An NHS dentist warns against smoking

What was your New Years’ Resolution? Now its April and we’re 4 months in to 2019, many people’s New Year Resolutions have been reluctantly (or maybe not so reluctantly) abandoned. In fact, a study showed that January 12th is the most popular day for giving up on your resolutions. Many people choose to give up smoking for theirs. If you’ve stuck with yours until now, then good for you! If you’re starting to wobble, then maybe you’d be interested to know what smoking does to your dental health. Here’s a warning from your NHS dentist in York about the dangers of smoking…

Smoker’s breath is more sinister than you’d think

Smoker’s breath is wrongly thought of as being you’ve just had a cigarette, therefore your mouth and breath smells. It will go away with a mint, brushing your teeth, or with chewing gum. This isn’t the case, because smoker’s breath doesn’t reside in your mouth but in your lungs. This makes it far more sinister. Your lungs are made up of tiny membranes called bronchioles that are full of air holes. These little passageways allow each inhale to pass through them, where the oxygen is filtered through to your blood stream. This is obviously where chemicals from smoking can absorb into your bloodstream, too. Smoker’s breath occurs because smoke particles from your inhale get trapped in these air passageways in your bronchioles and are knocked loose by talking, exhaling, and laughing. This is why smoker’s breath can often smell stale, because smoke can get trapped there and grow old before coming out on your breath again.


How smoking affects your gums and your teeth

For this next point, we’ll provide a bit of context. Almost every adult in the UK has experienced or is experiencing gum disease in one form or another. With that said, regularly smoking tobacco can worsen the signs of gum disease. This is because regular smoking leads to a lack of oxygen in your bloodstream, causing your gums to heal far slower than in a non-smoker. Gum disease is a major cause of adult tooth loss, so regular smoking could very easily lead to missing teeth and gum recession. Smoking also changes the pH balance in your mouth, leading to an increased build-up of plaque and tartar. These deposits rest against the gum line and nestle at the bottom of your teeth, causing further gum irritation and recession. Smoking greatly increases your chances of developing an aggressive form of gum disease, which your NHS dentist can treat, but stopping smoking in general will definitely aid treatment too.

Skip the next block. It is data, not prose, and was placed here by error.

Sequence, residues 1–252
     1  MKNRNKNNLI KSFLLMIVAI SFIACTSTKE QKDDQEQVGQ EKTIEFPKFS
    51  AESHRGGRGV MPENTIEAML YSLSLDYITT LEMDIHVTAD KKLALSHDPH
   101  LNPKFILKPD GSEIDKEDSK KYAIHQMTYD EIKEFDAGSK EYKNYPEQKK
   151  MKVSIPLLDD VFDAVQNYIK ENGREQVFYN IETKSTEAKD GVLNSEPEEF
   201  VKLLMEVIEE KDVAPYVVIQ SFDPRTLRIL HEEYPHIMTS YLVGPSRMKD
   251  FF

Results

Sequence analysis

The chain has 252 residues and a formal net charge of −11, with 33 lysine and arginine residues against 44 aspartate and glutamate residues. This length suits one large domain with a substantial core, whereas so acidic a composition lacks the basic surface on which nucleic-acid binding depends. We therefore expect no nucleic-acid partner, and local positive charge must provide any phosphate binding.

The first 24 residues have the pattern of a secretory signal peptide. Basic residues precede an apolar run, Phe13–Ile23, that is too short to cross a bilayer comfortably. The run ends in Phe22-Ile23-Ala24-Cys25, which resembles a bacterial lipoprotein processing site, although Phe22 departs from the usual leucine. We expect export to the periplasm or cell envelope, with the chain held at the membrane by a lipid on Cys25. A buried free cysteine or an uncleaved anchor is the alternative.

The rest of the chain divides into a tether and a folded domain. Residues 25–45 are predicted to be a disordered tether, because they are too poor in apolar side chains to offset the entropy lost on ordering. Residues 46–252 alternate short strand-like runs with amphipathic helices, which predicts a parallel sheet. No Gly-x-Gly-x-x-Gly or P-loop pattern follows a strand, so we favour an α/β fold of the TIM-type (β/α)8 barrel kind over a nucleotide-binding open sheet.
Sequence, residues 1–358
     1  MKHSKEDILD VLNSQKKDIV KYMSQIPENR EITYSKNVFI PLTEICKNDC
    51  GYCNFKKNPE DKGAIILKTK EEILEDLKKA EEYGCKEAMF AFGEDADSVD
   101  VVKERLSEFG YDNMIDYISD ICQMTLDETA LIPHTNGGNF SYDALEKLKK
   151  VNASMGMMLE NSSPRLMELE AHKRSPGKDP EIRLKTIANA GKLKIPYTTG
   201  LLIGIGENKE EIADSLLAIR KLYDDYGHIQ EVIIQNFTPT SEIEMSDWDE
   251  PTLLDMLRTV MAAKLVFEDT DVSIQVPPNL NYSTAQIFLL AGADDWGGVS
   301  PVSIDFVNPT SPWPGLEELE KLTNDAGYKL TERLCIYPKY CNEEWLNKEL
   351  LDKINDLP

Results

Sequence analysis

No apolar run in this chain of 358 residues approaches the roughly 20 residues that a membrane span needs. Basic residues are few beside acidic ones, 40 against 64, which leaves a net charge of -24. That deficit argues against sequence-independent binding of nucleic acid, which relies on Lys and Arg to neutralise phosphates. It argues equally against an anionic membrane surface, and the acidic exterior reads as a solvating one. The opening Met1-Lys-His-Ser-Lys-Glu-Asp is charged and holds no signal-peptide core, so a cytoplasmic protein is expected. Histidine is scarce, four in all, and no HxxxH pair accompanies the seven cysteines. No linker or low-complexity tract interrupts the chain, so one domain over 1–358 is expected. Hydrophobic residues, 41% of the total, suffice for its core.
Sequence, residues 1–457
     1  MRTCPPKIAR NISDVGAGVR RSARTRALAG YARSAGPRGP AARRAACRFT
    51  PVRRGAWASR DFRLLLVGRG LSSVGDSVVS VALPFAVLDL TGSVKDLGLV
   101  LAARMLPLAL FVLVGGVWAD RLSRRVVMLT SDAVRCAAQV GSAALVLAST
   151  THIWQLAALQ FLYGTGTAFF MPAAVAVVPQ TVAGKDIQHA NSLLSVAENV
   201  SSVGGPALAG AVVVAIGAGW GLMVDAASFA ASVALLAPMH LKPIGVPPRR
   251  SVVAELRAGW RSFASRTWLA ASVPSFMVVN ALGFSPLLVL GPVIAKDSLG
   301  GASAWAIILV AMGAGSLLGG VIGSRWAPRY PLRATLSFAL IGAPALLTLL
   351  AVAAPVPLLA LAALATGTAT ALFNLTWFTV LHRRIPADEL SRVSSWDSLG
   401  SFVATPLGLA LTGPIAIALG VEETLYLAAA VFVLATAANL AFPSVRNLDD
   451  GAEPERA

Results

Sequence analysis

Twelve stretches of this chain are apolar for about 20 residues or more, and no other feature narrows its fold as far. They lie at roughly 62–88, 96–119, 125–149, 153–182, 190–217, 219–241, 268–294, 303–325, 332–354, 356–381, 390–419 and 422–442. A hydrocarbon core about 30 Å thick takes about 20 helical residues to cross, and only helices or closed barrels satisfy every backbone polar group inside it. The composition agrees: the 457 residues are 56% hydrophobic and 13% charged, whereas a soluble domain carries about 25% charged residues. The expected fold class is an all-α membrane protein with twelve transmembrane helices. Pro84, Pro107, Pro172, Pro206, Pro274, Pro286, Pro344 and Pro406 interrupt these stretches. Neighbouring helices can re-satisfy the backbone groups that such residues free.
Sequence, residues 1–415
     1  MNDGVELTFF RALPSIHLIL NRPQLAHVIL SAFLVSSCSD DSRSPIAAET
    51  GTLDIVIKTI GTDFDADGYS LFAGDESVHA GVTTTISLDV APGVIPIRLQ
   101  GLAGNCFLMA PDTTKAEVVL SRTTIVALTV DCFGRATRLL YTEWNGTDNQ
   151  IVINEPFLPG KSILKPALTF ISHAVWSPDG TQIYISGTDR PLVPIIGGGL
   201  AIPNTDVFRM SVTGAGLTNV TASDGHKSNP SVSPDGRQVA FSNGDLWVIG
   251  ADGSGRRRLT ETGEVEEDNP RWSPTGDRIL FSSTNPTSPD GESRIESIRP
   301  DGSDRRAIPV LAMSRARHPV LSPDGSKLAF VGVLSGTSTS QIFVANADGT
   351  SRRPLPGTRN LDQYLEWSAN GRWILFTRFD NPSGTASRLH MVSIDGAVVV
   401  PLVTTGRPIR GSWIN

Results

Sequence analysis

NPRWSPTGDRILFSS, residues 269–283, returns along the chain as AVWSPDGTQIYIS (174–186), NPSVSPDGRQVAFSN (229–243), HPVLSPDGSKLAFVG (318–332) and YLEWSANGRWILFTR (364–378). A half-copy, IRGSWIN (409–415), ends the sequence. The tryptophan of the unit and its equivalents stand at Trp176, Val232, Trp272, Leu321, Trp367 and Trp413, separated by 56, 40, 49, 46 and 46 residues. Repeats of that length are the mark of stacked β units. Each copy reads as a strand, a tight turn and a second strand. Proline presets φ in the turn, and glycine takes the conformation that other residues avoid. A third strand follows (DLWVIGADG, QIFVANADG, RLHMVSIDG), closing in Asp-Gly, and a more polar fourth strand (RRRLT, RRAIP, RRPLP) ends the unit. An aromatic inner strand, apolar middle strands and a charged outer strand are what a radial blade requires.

How smoking stains your teeth

Your teeth are porous, just like your skin, so the nicotine and tar in tobacco can very easily be absorbed by your teeth’s pores. This causes brown-yellow discolouration when it mixes with oxygen, as it does when you smoke. Even e-cigarettes can stain your teeth because of their nicotine! Tobacco stains can be difficult to remove because they have been accumulated over years of smoking, often meaning that the stains have settled deep into the enamel and even the dentin. This is an unpleasant staining that could result in you needing to seek the attention of a private dentist for cosmetic treatments, let alone an NHS dentist for your teeth’s health.


Visit your NHS dentist in York

There has never been a better time to quit smoking than right now. It will help to better your dental health, overall health, and stop your smile from becoming tobacco stained. Visit your NHS dentist for tips on how to quit, treatments to improve your mouth’s health, and private dentist recommendations. Luckily, we at Blossom Dental Care are both an NHS dentist with NHS patients and a private dentist, so you can find your essential health treatments and optional cosmetic treatments all under one roof. Book your consultation today on 01904 654889.